Each week, KEXP’s Music Director Don Yates shares brief insights on new and upcoming releases. See what's coming up this week below, including reviews for new releases from Steve Lacy, J. Robbins, Sacred Paws, and more.
Steve Lacy – Apollo XXI (3qtr/AWAL)
The debut solo album from this 21-year-old LA-based guitarist/vocalist/producer (and member of The Internet) is a well-crafted blend of relaxed R&B, funk, hip hop, psych-rock, indie-pop and more, combining an atmospheric sound with his aching falsetto and lyrics of love, lust and identity.
J. Robbins – Un-becoming (Dischord)
The debut solo album from the former Jawbox/Burning Airlines frontman and veteran producer is a strong set of ‘90s-steeped rock with bristling guitars, muscular rhythms, anthemic song hooks and often-dark lyrics reflecting these troubled times.
Sacred Paws – Run Around the Sun (Merge)
The second album from the Glasgow-based duo of guitarist/vocalist Rachel Aggs (Shopping, Trash Kit) and drummer Eilidh Rodgers is a strong set of well-crafted indie-pop with jangly, African-influenced guitars, energetic, idiosyncratic rhythms, occasional horns and buoyant melodies juxtaposed with often-dark lyrics of anxiety, isolation and regret.
Injury Reserve – Injury Reserve (Loma Vista)
This Tempe, AZ trio’s official debut full-length is an adventurous set of left-field hip hop, combining a variety of unconventional beats and unusual samples with trenchant, at times satirical rhymes. Special guests include Rico Nasty, JPEGMAFIA, Amine, Freddie Gibbs, DRAM and other notables.
Kishi Bashi – Omoiyari (Joyful Noise)
The fourth full-length from this singer/songwriter/violinist (aka Kaoru Ishibashi) is a powerful concept album centered around the Japanese-American internment camps of World War II. Featuring a more direct and lush sound than usual from Ishibashi, the album’s ‘70s-steeped folk-pop combines a variety of warm instrumentation with soaring harmonies and poignant lyrics responding to bigotry and fear with empathy and understanding.
pronoun – i'll show you stronger (Rhyme & Reason)
The debut album from this Brooklyn-based artist (aka Alyse Vellturo) is a well-crafted set of intimate indie-pop with fuzzy guitars, atmospheric synths, pulsing rhythms, hushed vocals and sunny melodies contrasted with often-dark lyrics of lost love and regret.
The Gotobeds – Debt Begins at 30 (Sub Pop)
This Pittsburgh band’s third album is a potent set of noise-addled post-punk featuring an impressive lineup of guest vocalists and musicians including members of Downtown Boys, Protomartyr and Silkworm.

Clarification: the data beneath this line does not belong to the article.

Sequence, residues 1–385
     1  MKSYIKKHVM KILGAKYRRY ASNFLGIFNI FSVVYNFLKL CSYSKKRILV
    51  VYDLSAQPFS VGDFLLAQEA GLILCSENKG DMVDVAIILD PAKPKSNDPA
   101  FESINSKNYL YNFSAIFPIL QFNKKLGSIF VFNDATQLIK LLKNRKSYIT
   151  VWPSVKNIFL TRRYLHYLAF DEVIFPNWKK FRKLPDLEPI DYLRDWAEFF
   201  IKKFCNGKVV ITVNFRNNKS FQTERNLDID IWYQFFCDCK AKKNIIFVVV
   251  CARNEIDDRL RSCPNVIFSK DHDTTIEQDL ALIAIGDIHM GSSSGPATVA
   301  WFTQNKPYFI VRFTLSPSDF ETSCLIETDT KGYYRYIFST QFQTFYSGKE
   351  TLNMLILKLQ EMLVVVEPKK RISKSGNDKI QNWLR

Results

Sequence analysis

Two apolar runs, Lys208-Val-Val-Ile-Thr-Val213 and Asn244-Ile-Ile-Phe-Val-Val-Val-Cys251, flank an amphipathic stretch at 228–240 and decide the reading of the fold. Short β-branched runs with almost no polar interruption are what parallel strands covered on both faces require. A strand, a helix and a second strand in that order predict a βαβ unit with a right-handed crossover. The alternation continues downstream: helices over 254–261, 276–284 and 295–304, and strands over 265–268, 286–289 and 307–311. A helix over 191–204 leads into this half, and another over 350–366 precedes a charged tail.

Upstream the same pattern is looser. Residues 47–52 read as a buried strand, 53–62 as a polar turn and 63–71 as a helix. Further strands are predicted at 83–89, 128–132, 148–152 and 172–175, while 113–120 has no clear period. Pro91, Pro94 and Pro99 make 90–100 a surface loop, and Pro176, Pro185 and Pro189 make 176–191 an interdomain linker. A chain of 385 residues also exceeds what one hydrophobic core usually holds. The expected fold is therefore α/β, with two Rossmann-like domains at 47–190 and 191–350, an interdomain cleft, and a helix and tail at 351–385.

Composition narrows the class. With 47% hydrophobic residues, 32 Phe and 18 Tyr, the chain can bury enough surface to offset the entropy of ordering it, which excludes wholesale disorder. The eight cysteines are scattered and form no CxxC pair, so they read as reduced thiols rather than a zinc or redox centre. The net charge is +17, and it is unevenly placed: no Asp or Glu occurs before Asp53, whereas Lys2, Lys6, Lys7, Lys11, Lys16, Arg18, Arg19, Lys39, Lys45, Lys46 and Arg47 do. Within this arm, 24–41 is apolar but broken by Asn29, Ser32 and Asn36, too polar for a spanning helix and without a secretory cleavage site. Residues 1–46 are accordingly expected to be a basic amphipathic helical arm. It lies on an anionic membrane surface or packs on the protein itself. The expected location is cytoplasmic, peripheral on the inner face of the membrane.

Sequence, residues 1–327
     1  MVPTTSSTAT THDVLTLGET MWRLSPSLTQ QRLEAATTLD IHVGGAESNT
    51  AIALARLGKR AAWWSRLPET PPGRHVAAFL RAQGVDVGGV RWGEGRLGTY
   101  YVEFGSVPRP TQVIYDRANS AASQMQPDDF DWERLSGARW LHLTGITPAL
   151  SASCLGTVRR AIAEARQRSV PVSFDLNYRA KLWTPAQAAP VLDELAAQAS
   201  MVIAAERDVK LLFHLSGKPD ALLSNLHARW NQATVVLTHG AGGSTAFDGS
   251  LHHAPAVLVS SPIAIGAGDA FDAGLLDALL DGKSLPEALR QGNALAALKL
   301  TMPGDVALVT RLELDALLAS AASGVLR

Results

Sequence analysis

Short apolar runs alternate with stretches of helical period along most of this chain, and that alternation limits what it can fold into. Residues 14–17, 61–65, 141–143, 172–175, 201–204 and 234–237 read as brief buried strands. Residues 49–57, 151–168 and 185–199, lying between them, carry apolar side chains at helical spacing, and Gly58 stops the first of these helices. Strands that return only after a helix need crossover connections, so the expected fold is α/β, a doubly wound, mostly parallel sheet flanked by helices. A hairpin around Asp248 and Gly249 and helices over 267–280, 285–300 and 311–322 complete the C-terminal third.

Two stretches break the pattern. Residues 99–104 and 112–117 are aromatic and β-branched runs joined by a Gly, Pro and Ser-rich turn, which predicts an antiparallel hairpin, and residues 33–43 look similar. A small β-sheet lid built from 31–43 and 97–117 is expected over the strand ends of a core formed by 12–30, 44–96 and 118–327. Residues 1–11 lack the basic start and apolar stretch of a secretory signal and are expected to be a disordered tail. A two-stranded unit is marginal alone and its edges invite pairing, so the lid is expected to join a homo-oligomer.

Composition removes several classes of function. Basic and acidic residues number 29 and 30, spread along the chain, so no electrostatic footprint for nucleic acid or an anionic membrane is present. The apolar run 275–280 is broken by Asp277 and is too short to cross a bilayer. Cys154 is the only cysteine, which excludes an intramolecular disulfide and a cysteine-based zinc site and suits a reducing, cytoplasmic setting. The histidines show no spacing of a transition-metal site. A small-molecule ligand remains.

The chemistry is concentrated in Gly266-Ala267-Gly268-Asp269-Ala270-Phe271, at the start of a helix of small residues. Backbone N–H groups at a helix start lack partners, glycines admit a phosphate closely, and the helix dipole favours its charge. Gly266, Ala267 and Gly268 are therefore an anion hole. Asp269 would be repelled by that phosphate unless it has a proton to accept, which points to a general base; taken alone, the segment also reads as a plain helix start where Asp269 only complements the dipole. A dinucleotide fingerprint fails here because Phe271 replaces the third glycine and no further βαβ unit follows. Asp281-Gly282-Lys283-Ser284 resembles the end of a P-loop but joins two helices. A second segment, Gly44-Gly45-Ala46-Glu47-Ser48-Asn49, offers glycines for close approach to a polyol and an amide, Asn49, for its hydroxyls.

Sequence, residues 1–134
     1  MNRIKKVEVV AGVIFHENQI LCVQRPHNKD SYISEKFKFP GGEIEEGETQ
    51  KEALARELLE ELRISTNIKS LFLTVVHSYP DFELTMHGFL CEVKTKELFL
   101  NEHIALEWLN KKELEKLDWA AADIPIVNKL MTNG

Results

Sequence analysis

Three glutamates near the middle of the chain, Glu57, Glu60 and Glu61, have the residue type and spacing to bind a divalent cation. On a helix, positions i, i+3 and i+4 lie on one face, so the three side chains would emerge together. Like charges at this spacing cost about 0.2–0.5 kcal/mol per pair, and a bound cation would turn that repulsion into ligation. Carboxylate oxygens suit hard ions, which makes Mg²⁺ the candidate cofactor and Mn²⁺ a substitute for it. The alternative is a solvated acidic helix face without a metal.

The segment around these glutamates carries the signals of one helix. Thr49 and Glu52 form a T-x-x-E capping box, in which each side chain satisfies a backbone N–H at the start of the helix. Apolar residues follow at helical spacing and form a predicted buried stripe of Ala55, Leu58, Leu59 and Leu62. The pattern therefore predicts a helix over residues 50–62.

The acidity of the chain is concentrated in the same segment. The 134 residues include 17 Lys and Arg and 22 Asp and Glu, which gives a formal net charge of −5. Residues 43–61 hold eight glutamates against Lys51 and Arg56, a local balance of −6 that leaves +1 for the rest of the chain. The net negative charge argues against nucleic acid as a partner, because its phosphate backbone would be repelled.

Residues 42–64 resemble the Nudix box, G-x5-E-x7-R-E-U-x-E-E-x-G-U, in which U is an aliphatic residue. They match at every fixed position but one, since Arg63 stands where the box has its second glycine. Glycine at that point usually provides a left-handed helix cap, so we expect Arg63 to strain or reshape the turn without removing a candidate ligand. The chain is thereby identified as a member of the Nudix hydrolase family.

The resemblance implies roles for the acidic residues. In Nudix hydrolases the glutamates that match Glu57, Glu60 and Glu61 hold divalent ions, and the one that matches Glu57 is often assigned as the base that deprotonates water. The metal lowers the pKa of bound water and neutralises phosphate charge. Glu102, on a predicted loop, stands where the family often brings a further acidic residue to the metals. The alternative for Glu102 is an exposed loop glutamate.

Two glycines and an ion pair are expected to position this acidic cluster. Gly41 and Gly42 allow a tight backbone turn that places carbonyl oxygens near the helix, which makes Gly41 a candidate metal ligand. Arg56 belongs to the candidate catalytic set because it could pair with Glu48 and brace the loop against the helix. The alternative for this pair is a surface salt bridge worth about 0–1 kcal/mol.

Hayden Thorpe – Diviner (Domino)
The debut solo album from the former Wild Beasts frontman is a fine set of intimate, stripped-down pop, combining an often-spare sound featuring prominent piano and atmospheric synths with his tremulous vocals and lyrics of loss and renewal.
Psychedelic Porn Crumpets – And Now For The Whatchamacallit (Marathon Artists)
This Perth, Australia band’s third album is a fine set of gonzo psych-rock reminiscent of King Gizzard & The Lizard Wizard ranging from crunchy stoner-rock to dreamy space-rock.
Apex Manor – Heartbreak City (Merge)
The second album from the LA-based project of Ross Flournoy (former frontman for The Broken West) is a potent set of ‘90s-influenced rock with fuzzy guitars, atmospheric synths, energetic rhythms and hypnotic song hooks.
Ohtis – Curve of Earth (Full Time Hobby)
This Normal, IL trio’s official debut album is a potent set of country-tinged folk-pop, combining a warm sound featuring acoustic and steel guitars along with occasional cello, piano and synths with Sam Swinson’s conversational vocals and frank, often-dark lyrics of addiction.
Yohuna – Mirroring (Orchid Tapes)
The second album from this New York artist (aka Jonanne Swanson) is a well-crafted set of folk-inflected dream-pop combining atmospheric keyboards and guitars and occasional cello with her serene vocals and lyrics revolving around the ups and downs of relationships.
Making Movies – ameri’kana (3/2 Recordings)
This Kansas City band’s third album is a well-crafted blend of rock with various Latin styles, featuring a variety of politically charged songs revolving around addressing injustice and offering hope. Special guests include Rubén Blades, Flor De Toloache, Las Cafeteras, David Hidalgo of Los Lobos and other notables.
Haybaby – They Get There (Tiny Engines)
This Brooklyn band’s second album is a solid set ranging from buoyant, guitar-driven pop-rock to grinding noise-punk, with often-dark lyrics dealing with abuse, grief, loss and resilience.
Christelle Bofale – Swim Team EP (Father/Daughter)
This San Antonio-bred, Austin-based artist’s debut EP is a promising five-song set of shape-shifting dream-pop inflected with jazz, soul and the influence of her Congolese heritage, featuring a free-flowing sound combining spidery guitar lines with intimate lyrics of love and loss.
Sinkane – Dépaysé (City Slang)
The seventh album from this New York-based project spearheaded by Ahmed Gallab is a colorful blend of funk, Afrobeat, psych-rock, reggae, East African pop and more, combining a densely produced, rhythm-driven sound with often-politically charged lyrics.
Pip Blom – Boat (Heavenly)
The debut album from this Amsterdam band (whose lead singer shares the same name) is a fine set of anthemic guitar-pop.
Tunng – This Is Tunng... Magpie Bites and Other Cuts (Full Time Hobby)
This British band’s latest release is a nice compilation of 7” singles, b-sides and other rarities showcasing their blend of acoustic folk, prog and electronic beats and textures.
Each week, KEXP’s Music Director Don Yates (joined this week by DJ Alex) shares brief insights on new and upcoming releases. See what's coming up this week below, including reviews for new releases from Flying Lotus, Mavis Staples, Faye Webster, and more.